Common Core Curricular Crossover
The Common Core State Standards (CCSS) produces some interesting curricular crossover. The traditional English-language arts divisions of reading, writing, listening, and speaking have been replaced with four new strands: reading, writing, speaking and listening, and language. The six Standards of the Language Strand borrow a bit from each of the traditional divisions.
CCSS L.1 and 2 are titled “Language Conventions.” They include grammar, mechanics, and spelling which have traditionally been listed in the writing division. Despite the assurances from the Common Core collaborators that conventions should not be divorced from the communicative context, many anti-direct instruction of grammar are suffering heart palpitations now that these conventions stand on their own in the Common Core.
CCSS L.3 is titled “Knowledge of Use.” Essentially, these grade-level standards deal with language application and have traditionally belonged within the writing, listening, and speaking divisions.
CCSS L.4, 5, and 6 are titled “Vocabulary Acquisition and Use.” These standards have traditionally been placed within the reading division. They include multiple meaning words and context clues (L.4.a.), Greek and Latin Word Parts (L.4.a.), Language Resources (L.4.c.d.), Figures of Speech (L.5.a.), Word Relationships (L.5.b.), Connotations (L.5.c.), and Academic Language Words (L.6.0).
Here is how the CCSS document summarizes the Language Strand:
The Language standards include the essential “rules” of standard written and spoken English, but they also approach language as a matter of craft and informed choice among alternatives. The vocabulary standards focus on understanding words and phrases, their relationships, and their nuances and on acquiring new vocabulary, particularly general academic and domain-specific words and phrases.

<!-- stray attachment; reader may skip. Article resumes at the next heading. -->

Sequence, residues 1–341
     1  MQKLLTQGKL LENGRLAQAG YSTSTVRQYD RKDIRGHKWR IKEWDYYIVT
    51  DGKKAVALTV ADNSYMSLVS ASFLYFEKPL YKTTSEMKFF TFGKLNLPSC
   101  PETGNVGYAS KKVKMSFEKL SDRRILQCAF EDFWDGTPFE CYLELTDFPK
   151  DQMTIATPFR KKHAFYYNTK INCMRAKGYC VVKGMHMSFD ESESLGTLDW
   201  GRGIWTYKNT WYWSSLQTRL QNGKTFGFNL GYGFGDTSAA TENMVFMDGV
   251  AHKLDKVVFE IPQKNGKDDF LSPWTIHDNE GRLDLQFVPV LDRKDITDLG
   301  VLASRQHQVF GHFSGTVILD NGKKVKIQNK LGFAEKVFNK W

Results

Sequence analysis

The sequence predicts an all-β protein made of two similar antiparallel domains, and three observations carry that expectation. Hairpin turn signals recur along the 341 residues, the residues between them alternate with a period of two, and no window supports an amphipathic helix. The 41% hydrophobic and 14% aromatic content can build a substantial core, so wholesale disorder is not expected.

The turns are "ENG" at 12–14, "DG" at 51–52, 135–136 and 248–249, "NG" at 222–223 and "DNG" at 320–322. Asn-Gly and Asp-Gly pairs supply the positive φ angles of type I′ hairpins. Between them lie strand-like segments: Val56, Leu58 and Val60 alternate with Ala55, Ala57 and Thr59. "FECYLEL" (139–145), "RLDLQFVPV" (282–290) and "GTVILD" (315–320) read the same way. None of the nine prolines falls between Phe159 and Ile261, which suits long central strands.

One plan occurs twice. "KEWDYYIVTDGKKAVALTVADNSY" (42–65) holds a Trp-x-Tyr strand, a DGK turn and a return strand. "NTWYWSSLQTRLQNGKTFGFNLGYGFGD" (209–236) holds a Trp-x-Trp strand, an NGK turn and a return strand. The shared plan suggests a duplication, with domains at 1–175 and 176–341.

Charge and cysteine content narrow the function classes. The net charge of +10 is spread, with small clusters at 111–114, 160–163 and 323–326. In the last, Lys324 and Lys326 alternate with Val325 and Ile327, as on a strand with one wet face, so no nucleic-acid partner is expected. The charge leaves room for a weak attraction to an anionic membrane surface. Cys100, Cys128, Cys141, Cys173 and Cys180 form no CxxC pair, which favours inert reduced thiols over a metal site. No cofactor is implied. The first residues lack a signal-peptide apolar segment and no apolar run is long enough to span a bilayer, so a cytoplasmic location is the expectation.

One unique feature of the Language Strand is the “Language Progressive Skills” document. Perhaps recognizing the cyclical nature of language instruction and the value of differentiated instruction, the document specifies certain L. 1 and 2 Standards for “special attention” and “review.”
The CCSS document summarizes the purpose of the “Language Progressive Skills”: The following skills, marked with an asterisk (*) in Language standards 1–3, are particularly likely to require continued attention in higher grades as they are applied to increasingly sophisticated writing and speaking.
The author of this article, Mark Pennington, has written the assessment-based Grammar, Usage, Mechanics, Spelling, and Vocabulary (Teaching the Language Strand) Grades 4-8 programs to teach the Common Core Language Standards. Each full-year program provides 56 interactive grammar, usage, and mechanics lessons. (Check out a seventh grade teacher teaching the direct instruction and practice components of these lessons on YouTube.) The complete lessons also include sentence diagrams, error analysis, mentor texts, writing applications, and sentence dictation formative assessments with accompanying worksheets (L.1, 2). Plus, each grade-level program has weekly spelling pattern tests and accompanying spelling sort worksheets (L.2), 56 language application opener worksheets (L.3), and 56 vocabulary worksheets with multiple-meaning words, Greek and Latin word parts, figures of speech, word relationships with context clue practice, connotations, and four square academic language practice (L.4, 5, and 6). Comprehensive biweekly unit tests measure recognition, understanding, and application of all language components.
Grammar, Usage, Mechanics, Spelling, and Vocabulary (Teaching the Language Strand) also has the resources to meet the needs of diverse learners. Diagnostic grammar, usage, mechanics, and spelling assessments provide the data to enable teachers to individualize instruction with targeted worksheets. Each remedial worksheet (over 200 per program) includes independent practice and a brief formative assessment. Students CATCH Up on previous unmastered Standards while they KEEP UP with current grade-level Standards. Check out PREVIEW THE TEACHER’S GUIDE AND STUDENT WORKBOOK to see samples of these comprehensive instructional components.
The author also provides these curricular “slices” of the Grammar, Usage, Mechanics, Spelling, and Vocabulary (Teaching the Language Strand) “pie”: the five Common Core Vocabulary Toolkits Grades 4−8; the five Differentiated Spelling Instruction Grades 4−8 programs (digital formats only); and the non-grade-leveled Teaching Grammar and Mechanics with engaging grammar cartoons (available in print and digital formats).